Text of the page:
"In general, I try and distinguish between what one calls the Future and “l’avenir” [the ‘to come]. The future is that which – tomorrow, later, next century – will be. There is a future which is predictable, programmed, scheduled, foreseeable. But there is a future, l’avenir (to come) which refers to someone who comes whose arrival is totally unexpected. For me, that is the real future. That which is totally unpredictable. The Other who comes without my being able to anticipate their arrival. So if there is a real future, beyond the other known future, it is l’avenir in that it is the coming of the Other when I am completely unable to foresee their arrival."
--Jacques Derrida
posted by rhizome at 2:07 PM on January 20 [1 favorite]


There was a podcast interview between Sam Harris and Derren Brown (a mentalist magician) which asked him whether or not he surprised to find he could get people to, for instance, rob an armored car, through suggestion techniques. He wasn't surprised at all. Derren said he laid down the behavioral track, so to speak, for these people to follow and it wasn't surprising in the least they followed it.

I think laying down behavioral track is a lot of what the internet and social media in particular is currently doing. Unfortunately, what's monetized is attention, and the people that spend the most time on the internet are conspiracy theorists, therefore, everyone must be turned into a conspiracy theorist. Just as print advertising preys on the consumer's anxieties, online media preys on the consumers doubts concerning reality.

I just thought that up, and the idea probably has holes but also sounds like it has some merit to me.
posted by xammerboy at 11:51 PM on January 20


> ...the people that spend the most time on the internet are conspiracy theorists, therefore, everyone must be turned into a conspiracy theorist.

All of us have become Richard Nixon
posted by CheapB at 9:34 AM on January 21


This led me to read some more about Facebook's contagion experiment mentioned in the Guardian interview, where Facebook sought to intentionally manipulate the emotions of over 600,000 people.

This article in the Research Ethics goes beyond the obvious concern that these Facebook users were treated as human subjects to address problems with Facebook's selective presentation of content on the timeline:
The bottom line is that while users can control the content of their disclosures in mediated environments, they cannot control how their disclosures are presented to others. Users cannot control the appearance and timing of their disclosures or any surrounding disclosures. This study sought to exploit that inability and demonstrate the significant impact the manipulation of presentation can have on the perceptions and effect of disclosures. This means that both disclosers and recipients of information are vulnerable to intermediaries. We believe our policy and norms should better reflect such power.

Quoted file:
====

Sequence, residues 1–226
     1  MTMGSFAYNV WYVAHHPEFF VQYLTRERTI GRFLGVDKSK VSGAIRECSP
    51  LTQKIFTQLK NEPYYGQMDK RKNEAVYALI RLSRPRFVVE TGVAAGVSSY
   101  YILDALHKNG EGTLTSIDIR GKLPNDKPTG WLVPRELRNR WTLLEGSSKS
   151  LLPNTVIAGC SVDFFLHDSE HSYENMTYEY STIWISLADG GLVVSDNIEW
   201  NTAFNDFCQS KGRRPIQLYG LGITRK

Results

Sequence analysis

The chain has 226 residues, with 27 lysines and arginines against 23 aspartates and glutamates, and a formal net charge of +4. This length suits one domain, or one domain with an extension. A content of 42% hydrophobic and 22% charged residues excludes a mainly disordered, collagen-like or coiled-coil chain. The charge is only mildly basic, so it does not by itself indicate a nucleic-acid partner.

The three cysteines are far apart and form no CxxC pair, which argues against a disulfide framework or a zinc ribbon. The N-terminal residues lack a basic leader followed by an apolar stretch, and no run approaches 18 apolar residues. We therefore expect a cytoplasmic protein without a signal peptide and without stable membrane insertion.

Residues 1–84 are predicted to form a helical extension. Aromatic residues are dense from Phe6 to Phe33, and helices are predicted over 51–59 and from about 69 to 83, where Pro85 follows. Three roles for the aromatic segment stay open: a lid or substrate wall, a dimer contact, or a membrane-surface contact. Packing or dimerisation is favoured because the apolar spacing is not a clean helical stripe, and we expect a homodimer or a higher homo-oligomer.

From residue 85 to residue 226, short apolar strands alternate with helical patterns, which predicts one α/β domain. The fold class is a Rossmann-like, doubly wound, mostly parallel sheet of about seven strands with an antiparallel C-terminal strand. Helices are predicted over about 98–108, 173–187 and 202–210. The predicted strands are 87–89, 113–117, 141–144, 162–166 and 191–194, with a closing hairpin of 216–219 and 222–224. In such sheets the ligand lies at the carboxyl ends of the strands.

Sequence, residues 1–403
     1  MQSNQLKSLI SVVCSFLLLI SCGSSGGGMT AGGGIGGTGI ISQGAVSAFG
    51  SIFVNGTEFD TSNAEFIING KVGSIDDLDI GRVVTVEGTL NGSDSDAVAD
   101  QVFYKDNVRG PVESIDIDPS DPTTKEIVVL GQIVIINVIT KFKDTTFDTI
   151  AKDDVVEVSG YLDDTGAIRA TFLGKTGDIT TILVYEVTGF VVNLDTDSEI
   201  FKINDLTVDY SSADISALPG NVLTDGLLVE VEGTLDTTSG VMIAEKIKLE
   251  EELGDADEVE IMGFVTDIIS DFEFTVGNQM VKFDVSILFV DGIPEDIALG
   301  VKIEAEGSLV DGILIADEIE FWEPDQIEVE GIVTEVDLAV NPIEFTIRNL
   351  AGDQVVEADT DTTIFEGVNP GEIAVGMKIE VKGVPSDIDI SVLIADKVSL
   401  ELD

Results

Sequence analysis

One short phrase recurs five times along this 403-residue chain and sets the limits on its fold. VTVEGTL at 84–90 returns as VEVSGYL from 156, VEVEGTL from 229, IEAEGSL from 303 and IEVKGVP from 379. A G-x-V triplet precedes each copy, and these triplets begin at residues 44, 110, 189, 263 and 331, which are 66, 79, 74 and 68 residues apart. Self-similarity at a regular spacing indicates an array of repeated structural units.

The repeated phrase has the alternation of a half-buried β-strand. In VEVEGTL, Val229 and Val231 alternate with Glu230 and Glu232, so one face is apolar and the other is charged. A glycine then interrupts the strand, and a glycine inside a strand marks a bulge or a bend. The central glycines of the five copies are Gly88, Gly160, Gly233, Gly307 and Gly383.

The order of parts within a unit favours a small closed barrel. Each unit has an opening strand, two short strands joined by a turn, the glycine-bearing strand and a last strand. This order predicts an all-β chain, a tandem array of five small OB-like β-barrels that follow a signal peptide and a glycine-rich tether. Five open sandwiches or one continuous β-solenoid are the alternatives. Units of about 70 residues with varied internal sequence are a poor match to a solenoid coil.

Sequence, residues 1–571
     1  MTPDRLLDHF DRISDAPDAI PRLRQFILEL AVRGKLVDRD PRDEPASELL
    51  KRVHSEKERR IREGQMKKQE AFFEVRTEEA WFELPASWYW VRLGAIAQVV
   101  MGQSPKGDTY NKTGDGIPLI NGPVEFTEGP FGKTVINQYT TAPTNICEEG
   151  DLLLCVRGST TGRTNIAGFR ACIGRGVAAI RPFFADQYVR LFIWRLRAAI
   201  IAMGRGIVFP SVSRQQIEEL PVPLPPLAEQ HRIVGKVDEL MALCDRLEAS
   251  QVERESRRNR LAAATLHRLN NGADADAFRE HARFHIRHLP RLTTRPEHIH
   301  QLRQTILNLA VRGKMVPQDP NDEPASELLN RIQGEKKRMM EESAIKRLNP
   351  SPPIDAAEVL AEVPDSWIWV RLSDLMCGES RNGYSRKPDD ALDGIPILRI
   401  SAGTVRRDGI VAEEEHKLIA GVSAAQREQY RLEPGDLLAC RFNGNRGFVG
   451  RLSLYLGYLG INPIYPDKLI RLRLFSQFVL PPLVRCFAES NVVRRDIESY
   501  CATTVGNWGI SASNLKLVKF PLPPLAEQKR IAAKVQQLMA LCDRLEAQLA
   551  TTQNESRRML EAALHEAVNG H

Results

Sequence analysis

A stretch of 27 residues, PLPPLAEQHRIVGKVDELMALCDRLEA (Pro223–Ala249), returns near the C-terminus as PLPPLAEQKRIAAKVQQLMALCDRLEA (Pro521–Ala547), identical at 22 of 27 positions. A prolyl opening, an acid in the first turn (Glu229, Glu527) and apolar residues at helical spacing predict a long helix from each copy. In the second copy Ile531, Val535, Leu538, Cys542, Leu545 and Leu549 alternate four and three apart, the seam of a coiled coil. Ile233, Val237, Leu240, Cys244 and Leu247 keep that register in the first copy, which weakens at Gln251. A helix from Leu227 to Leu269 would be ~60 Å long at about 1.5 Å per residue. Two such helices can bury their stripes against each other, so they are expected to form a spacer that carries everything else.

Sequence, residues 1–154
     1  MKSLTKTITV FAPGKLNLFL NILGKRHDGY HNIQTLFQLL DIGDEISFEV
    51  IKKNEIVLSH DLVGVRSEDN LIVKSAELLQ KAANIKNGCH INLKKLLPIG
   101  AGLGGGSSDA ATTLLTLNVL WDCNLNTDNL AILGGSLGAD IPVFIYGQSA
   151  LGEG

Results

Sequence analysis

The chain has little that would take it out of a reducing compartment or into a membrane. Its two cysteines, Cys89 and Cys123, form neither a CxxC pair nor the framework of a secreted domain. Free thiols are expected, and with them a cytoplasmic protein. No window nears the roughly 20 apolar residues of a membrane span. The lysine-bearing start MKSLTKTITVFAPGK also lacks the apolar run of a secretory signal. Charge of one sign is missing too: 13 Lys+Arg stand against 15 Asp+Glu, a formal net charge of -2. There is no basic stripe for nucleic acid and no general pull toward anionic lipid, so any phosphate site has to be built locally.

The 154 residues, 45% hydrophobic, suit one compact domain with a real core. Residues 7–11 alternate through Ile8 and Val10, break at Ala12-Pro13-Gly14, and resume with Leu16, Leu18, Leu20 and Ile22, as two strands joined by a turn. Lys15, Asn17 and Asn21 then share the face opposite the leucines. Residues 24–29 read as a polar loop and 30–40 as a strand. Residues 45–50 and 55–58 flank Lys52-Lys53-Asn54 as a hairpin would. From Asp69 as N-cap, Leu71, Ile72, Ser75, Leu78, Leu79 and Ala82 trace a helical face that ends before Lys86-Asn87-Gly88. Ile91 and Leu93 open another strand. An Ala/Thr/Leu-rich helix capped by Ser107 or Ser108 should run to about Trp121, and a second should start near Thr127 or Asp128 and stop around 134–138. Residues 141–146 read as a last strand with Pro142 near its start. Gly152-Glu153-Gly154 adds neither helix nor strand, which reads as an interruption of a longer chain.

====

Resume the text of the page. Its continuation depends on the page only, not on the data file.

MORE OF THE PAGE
...
...Facebook tries to keep users’ morale high by minimizing the likelihood that when they use the service they will become anxious about the company’s motivations or procedures. As with community standards, this means certain triggers need to be minimized. If users had a felt sense that they were being actively experimented on, some would quit. The same profit-impeding result would occur if some users had a keen awareness that their virtuous identities were being converted into experimental collaborators whose behavior might harm others.

Think of it this way. When users interact with one another through Facebook’s interface, they are only given highly selective information. Essentially they get to see what they post, some of what their friends share, and a non-overwhelming amount of advertising. Some of what remains invisible, therefore, is strategic. Crucially, users are not given windows into how Facebook’s algorithms work (which is a trade secret) or how and why they get updated. Moreover, they only get the flimsiest peek into the scope of Facebook’s advertising agenda.
posted by exogenous at 12:56 PM on January 23


Shoshana Zuboff writing in todays FT:
A new economic logic has taken hold, in which businesses quietly poach private human experience for data. It’s time to fight back.
posted by adamvasco at 1:51 AM on January 25 [1 favorite]